Monthly Archives: May 2007

Reading and Writing- Bilingual

As I mentioned in a previous post, it is possible and even recommended to simultaneously teach a child more than one language.  However, my research has shown me that a child should ‘master’ reading and writing in one language before learning another.  I am going to continue to research this to determine if this is true.

As of now, I plan on formally introducing reading/writing in Spanish in 1st or 2nd grade. Becca will need to attend ‘spanish’ class in the same way she might attend gymnastics class or CCD.
M. Kate

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Tough Night!

I find it ironic that right after I wrote this post, I had a really tough night with Becca.  It was as if she had read the post and thought, “OK, she is getting way to sappy.  I need to shake things up a little!” and boy did she!!! That night she was up and down all night long!!!

Sleep– glorious sleep– it is the ultimate struggle of all new parents!

M. Kate

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Raising A Bilingual Child

So one of my goals is to raise a bilingual child. I would like Becca to fluently read and write English and Spanish.

My primary language is English and I now speak rudimentary Spanish. My husband’s primary language is Spanish and then English. My Mother-in-law lives with us and primarily speaks Spanish.

The plan is for my mother-in-law to speak to her primarily in Spanish and I will speak to her primarily in English.  Mr. O will speak with her in English and Spanish.

From what I have read, Becca will associate the different languages with the different people.  If someone speaks to her in Spanish, (¿cómo es usted?) she will think, “oh, they use my grandmother’s words.”  If they should speak to her in English (how are you?), she will think, “oh, they use my mother’s words.”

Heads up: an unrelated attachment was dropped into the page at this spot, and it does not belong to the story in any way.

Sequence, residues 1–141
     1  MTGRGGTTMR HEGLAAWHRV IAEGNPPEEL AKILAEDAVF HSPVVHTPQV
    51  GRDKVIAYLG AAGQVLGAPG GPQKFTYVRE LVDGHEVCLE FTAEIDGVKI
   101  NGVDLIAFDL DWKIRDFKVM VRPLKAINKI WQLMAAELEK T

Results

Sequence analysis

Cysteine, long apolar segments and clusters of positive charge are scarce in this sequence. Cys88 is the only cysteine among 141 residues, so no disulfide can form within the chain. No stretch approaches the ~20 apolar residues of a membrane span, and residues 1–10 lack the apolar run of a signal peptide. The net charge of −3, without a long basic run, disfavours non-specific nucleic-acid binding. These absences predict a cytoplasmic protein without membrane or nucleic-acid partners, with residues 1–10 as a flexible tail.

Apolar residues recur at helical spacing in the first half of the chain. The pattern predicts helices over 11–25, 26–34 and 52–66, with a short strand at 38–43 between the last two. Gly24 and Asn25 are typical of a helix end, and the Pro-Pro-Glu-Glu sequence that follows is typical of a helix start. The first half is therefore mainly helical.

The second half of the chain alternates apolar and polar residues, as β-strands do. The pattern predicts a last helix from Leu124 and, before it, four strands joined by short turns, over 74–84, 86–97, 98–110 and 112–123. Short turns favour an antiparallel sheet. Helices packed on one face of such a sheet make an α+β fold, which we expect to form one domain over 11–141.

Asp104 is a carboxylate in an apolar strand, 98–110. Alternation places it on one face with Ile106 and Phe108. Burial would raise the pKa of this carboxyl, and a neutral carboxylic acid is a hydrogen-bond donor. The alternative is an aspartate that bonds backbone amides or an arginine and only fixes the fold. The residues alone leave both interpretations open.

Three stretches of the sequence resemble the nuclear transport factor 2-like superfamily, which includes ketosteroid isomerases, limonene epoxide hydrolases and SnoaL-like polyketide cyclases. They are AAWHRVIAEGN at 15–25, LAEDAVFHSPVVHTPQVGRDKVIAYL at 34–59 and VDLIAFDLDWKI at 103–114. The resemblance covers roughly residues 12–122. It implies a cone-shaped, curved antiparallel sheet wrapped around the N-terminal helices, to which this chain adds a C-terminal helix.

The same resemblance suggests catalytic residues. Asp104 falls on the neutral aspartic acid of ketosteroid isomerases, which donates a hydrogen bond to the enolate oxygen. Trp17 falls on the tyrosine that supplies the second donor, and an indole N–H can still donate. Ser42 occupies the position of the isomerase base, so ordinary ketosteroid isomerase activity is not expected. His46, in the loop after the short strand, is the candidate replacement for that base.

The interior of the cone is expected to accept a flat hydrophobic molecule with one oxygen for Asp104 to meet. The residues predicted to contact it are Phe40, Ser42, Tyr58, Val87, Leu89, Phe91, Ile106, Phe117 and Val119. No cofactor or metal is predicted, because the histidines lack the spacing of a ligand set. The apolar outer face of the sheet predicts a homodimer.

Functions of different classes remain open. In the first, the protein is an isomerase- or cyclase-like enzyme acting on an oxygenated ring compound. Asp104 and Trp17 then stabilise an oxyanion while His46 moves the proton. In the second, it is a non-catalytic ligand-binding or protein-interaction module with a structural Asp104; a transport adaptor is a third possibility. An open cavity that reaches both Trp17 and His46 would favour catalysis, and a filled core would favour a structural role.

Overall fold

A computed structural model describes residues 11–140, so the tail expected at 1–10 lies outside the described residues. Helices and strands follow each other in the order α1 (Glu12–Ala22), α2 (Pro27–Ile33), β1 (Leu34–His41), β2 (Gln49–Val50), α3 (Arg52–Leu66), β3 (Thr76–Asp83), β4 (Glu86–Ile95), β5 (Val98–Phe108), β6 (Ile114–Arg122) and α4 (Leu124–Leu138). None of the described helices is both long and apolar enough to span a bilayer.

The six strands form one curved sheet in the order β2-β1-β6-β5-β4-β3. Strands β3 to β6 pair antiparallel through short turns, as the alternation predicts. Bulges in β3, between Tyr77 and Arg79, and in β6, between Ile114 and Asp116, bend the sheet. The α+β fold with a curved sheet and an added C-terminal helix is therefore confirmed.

So far, Becca is only vocalizing (‘ba, ba, da, da’) so we have no idea if this is working or not but I will definitely keep you updated.  I am also interested in hearing others experiences with raising bilingual children.

M. Kate

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Tender Moments

This morning was a great morning with Becca. She was fussing a little in the morning so Mr. O went in and laid down on her twin bed with her. I went in a little later to check on the two of them and as soon as I peeked my head in, Becca’s head popped up and she flashed me the biggest smile! There is something about the way she lights up when she sees me that makes my heart melt!

Later that day, I had just finished nursing her and was cradling her in my arms. Her eyes were closed and her whole body was slack in the way that only babies can blissfully let go. As I was sitting there watching her, she began to ‘sing’ to herself. It was so precious!

The joys of spending time with an infant.

M. Kate

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My Brest Friend

I would like to recommend the “My Brest Friend” nursing pillow. I know; the name of the product leaves something to be desired. However, I definitely attribute some of my success with breast feeding to this pillow.

My Brest Friend in Use

 

  • It easily raised my daughter into the correct nursing position.